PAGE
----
• Brittany Cole -University of Prince Edward Island, “A comparison of beach and dune habitat on a common coastal plant”

2013 Student Awards for Posters and Talks at CSEE Kelowna

Poster presentations:

  1. Dan Bock, University of British Columbia, The Jerusalem artichoke – neither from Jerusalem nor an artichoke
  2. Caroline Franklin, St. Mary’s University, Effects of moose browsing on vegetation patterns at spruce budworm-induced forest edges
  3.  Jillian Dunic, University of Victoria, Size matters? Gape size-body size relationships in coral reef fish communities
 Oral Presentations:
  1. Robert Serrouya, University of Alberta, Reversing apparent competition using a broad-scale manipulation
  2. Barbara Frei, McGill University, The early bird gets the competition: Invasive species lowers breeding success of a threatened woodpecker
  3. Holly Caravan, Memorial University of Newfoundland, Social insect soldiers double up as medics
 New Phytologist Prize:  Brook Moyers, University of British Columbia, Divergence in gene expression is uncoupled from divergence in coding sequence in a newly woody sunflower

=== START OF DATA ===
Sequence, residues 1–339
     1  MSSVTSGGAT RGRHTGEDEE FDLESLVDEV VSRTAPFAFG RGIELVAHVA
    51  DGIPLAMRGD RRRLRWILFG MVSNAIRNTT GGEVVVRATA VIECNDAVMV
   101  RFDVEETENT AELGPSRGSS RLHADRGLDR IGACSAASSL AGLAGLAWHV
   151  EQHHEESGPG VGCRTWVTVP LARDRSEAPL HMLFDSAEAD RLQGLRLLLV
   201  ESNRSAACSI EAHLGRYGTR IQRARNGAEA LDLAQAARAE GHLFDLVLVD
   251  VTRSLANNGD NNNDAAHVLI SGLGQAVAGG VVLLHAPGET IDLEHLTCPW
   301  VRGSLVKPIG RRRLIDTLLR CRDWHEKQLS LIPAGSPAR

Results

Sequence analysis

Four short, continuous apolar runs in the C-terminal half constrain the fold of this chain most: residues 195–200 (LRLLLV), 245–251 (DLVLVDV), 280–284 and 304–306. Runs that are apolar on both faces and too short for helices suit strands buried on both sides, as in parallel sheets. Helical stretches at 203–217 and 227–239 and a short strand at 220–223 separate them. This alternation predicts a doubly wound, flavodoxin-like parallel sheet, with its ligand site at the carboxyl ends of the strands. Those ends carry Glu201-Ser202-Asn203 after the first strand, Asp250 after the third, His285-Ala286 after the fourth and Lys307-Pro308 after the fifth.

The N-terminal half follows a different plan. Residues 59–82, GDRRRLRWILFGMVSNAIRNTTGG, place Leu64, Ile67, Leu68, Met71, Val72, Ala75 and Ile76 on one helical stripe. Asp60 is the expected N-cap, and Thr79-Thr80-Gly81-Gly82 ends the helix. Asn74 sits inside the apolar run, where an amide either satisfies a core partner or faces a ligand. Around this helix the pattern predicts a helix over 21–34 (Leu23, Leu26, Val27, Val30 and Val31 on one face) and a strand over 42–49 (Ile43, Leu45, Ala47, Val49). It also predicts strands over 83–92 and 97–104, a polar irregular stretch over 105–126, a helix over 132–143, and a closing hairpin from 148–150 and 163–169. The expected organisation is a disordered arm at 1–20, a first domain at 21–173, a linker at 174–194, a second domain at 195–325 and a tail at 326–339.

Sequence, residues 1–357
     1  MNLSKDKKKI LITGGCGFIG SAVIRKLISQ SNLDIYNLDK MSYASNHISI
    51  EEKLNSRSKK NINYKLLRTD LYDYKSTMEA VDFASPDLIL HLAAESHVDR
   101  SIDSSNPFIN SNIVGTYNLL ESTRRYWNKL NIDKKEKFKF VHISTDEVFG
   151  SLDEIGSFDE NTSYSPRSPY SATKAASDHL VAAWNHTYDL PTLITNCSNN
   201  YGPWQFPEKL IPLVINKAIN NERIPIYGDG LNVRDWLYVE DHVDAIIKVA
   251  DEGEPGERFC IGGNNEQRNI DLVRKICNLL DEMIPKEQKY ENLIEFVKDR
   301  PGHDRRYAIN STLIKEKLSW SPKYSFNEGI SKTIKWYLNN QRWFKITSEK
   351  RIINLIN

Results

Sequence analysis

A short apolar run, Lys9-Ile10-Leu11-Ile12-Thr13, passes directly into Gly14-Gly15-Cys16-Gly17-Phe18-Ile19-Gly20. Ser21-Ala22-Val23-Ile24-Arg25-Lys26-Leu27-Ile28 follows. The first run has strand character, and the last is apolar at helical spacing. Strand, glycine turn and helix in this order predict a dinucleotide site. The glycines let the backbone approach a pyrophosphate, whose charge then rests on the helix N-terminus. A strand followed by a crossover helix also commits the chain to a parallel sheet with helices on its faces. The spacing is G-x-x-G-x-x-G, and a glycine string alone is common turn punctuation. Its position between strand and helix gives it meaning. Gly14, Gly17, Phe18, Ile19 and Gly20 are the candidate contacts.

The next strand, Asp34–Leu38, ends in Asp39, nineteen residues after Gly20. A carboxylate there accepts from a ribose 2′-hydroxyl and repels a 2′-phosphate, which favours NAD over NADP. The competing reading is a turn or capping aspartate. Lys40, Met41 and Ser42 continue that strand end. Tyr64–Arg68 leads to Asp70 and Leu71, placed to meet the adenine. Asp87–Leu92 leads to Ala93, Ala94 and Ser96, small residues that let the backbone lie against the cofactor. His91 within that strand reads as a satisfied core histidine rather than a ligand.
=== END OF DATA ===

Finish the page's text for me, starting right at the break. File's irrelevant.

2012 Student awards

Student award winners at Evolution 2012, the joint CSEE / SSE / ASN meeting in Ottawa were:

  1. Nathaniel Sharp, University of Toronto, “Sexual selection can reduce mutation load in Drosophila melanogaster.”
  2. Njal Rollinson, Dalhousie University, “A key component of the physical environment drives the evolution of maternal reproductive strategies in Atlantic salmon.”
  3. Aleeza Gerstein, University of British Columbia, “Evolve or die: A characterization of adaptive mutations in yeast.”
  4.  Alexandre Martin, Université de Sherbrooke “Age-Dependent Effect of Testosterone on Social Rank in Bighorn Rams (Ovis canadensis).”
  5. Katherine Ostevik, University of British Columbia, “Speciation, Sunflowers and Sand Dunes: Reproductive barriers between dune and non-dune ecotypes ofHelianthus petiolaris
  6. Anna Simonsen, University of Toronto, “Evidence for ecological benefits of cheating symbiotic soil microbes in the face of insect herbivory”
  7. Ann McKellar, Queens University, “Form, function, and consequences of density-dependence in a migratory bird”
  8.  Emily Austen, University of Toronto, “Flowering early or flowering big: which matters more for male and female fitness?”